Conseil Interprofessionnel du Vin de Bordeaux (CIVB) is a French interest group representing nearly 10,000 Bordeaux wine producers and growers and 400 wineries. One of the group's many aims is to promote the Bordeaux brand and defend the prestige of Bordeaux wines in France and abroad.

A Bordeaux wine is any wine produced in the Bordeaux region of southwest France. As of 2015, the Appellation d'Origine Controlée (AOC) had recognised 60 Bordeaux appellations, giving the region more than any other wine region in Europe.


On July 14 2012 the CIVB registered with the China Trademark Office (CTMO) the geographical indication (GI) collective trademark BORDEAUX波尔多 (ie, Bordeaux in Latin and Chinese characters) in Class 33, designating wines. CIVB members could use the collective trademark provided that their:

  • chateau and vineyards were located inside the Bordeaux region's geographical boundaries; and
  • chateau agreed to follow:
    • the specific rules and regulations set out by the appellation regarding vineyard practices, grapes, minimum and maximum yields and minimal sugar and alcohol levels; and
    • the established practices for vinification.

In March 2014 the CIVB discovered that Hunan Margaux Trading Co, Ltd was selling multiple products with the trademarks 玛歌堡 (ie, Margaux Castle) and BORDEAUX printed on the front label. It was easily confirmed that the wine was not from the Bordeaux region and did not meet the special quality requirements of Bordeaux wine.

In October 2016 the CIVB filed suit against Hunan Margaux before the Changsha Intermediate Court on the ground of trademark infringement.


The court held that the BORDEAUX mark was used on the cap and front label of products to serve as a source identifier. Such use falls under the category of trademark use. The disputed BORDEAUX mark was similar to the cited mark (ie, Bordeaux in Latin and Chinese characters). Further, the CIVB stated that neither the defendant nor the chateau had indicated on the products that they were a CIVB member and thus entitled to use the BORDEAUX波尔多 GI collective trademark, a statement that the defendant had failed to rebut. The court therefore found that the defendant's sale of the wine constituted trademark infringement.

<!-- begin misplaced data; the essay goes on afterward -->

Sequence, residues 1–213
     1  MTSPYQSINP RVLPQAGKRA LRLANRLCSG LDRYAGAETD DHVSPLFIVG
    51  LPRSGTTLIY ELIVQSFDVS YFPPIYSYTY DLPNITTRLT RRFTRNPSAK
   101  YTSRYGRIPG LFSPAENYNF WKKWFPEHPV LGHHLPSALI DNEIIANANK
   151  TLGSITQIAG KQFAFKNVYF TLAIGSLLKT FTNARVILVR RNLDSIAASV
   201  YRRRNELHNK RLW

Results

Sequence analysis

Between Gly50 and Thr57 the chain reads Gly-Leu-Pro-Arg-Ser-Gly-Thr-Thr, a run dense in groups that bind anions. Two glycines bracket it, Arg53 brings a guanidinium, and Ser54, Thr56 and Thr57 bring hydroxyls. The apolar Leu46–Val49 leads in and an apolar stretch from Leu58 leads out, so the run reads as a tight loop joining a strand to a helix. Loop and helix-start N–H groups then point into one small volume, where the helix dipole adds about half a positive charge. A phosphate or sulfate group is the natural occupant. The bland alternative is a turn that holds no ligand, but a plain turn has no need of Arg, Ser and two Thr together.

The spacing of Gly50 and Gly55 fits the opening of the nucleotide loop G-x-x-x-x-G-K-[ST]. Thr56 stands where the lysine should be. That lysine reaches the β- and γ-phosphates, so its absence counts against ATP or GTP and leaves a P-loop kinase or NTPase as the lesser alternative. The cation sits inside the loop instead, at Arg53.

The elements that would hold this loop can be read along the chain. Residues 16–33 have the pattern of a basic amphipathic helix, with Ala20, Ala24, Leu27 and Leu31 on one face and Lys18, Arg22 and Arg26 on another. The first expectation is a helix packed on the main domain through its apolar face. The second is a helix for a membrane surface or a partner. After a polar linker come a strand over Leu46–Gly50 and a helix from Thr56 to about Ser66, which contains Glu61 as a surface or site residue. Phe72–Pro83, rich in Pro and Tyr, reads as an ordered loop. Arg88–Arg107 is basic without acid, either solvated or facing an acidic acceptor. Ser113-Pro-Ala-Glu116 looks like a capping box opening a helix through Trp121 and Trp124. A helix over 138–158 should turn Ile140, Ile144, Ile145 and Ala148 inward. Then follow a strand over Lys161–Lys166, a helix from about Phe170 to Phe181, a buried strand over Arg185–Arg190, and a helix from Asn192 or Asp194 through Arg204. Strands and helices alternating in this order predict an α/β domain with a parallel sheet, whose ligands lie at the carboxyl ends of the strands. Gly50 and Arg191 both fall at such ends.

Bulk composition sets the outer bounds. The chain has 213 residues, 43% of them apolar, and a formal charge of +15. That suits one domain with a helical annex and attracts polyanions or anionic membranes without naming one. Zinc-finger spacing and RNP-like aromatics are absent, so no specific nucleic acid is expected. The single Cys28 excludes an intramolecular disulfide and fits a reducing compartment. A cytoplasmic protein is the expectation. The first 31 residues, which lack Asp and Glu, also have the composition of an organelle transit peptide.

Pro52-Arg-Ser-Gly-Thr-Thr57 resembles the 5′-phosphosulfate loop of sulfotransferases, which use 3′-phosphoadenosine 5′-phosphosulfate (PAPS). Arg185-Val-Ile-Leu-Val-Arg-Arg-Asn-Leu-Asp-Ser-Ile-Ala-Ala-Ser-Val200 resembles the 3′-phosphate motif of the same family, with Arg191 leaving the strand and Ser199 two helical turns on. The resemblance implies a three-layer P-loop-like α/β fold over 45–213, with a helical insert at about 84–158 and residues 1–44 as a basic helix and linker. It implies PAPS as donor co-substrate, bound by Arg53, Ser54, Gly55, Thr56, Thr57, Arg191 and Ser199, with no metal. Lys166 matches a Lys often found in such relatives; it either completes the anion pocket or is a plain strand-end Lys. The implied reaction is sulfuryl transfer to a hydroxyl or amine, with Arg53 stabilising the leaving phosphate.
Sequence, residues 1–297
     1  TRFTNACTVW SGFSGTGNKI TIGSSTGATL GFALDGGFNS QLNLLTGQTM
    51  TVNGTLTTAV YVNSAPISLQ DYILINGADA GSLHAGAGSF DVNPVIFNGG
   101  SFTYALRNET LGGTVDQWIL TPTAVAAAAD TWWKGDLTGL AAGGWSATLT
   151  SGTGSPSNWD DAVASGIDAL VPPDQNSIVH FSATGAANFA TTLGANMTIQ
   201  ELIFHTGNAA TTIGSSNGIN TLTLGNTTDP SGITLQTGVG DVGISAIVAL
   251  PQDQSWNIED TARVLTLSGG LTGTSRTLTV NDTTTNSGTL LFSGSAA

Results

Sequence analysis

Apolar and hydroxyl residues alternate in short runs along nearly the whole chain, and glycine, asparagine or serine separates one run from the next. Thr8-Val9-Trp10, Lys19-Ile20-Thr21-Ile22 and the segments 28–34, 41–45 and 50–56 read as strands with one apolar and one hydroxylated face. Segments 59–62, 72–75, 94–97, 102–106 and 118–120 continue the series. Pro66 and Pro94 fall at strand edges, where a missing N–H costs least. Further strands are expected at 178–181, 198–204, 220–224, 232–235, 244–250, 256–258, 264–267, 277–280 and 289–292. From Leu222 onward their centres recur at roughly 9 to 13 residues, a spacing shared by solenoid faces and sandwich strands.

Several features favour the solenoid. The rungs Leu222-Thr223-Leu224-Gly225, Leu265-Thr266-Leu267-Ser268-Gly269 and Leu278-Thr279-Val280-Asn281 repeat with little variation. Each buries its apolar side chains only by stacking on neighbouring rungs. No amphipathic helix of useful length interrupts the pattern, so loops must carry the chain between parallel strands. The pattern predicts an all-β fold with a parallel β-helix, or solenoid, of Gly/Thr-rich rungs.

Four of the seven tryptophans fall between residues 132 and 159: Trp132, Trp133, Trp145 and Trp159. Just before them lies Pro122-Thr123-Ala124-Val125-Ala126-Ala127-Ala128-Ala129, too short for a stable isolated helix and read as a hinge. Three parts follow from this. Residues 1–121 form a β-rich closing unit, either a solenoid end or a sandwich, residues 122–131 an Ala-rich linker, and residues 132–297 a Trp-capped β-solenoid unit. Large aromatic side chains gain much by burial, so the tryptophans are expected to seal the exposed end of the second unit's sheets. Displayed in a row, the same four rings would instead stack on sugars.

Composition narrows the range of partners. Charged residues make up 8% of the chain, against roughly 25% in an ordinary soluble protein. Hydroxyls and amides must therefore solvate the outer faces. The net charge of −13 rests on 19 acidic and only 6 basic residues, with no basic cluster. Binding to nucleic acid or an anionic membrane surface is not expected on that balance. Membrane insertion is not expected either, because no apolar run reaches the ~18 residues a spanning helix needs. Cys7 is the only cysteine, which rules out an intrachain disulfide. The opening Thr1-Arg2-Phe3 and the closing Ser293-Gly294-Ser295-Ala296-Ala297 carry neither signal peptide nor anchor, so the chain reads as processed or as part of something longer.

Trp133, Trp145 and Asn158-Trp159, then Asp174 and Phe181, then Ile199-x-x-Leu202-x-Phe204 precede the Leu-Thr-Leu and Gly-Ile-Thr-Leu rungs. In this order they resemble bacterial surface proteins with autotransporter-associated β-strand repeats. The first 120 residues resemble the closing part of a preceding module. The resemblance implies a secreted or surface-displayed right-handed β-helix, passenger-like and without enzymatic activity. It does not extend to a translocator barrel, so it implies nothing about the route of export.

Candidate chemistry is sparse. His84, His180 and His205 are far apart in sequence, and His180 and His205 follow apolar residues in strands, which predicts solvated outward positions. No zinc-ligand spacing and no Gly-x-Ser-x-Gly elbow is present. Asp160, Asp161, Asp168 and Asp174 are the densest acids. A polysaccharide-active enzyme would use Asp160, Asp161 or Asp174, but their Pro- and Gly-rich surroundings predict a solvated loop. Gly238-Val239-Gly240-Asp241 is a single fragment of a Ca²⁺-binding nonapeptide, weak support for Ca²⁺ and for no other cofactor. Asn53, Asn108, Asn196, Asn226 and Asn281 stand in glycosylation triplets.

The Changsha Intermediate Court issued its judgment on July 4 2017, awarding the CIVB a court injunction and damages of Rmb150,000.


Bordeaux has a long history of being the victim of wine forgery in the Chinese wine market. Although the BORDEAUX GI collective trademark is registered with the CTMO, the administrative enforcement authorities have seldom made findings of trademark infringement based on unauthorised use of the mark. Some have even held that the mere inclusion of the term 'Bordeaux' in a mark does not render it similar to the Bordeaux波尔多 mark, as the prominent part of the GI collective mark is the Chinese component.

This was the first civil case in which the GI collective trademark BORDEAUX波尔多 was granted judicial protection in China. The court's decision that the use of the term 'Bordeaux' on wine will constitute trademark infringement if it can be established that the wine is not from the Bordeaux region is encouraging.

Having established the parameters for infringement of a GI collective mark, this decision is expected to serve as a point of reference for the local administrative enforcement authorities in future.

For further information on this topic please contact Zhang Yan or Cao Jin at Wanhuida Peksung by telephone (+86 10 6892 1000) or email ( or The Wanhuida Peksung website can be accessed at and

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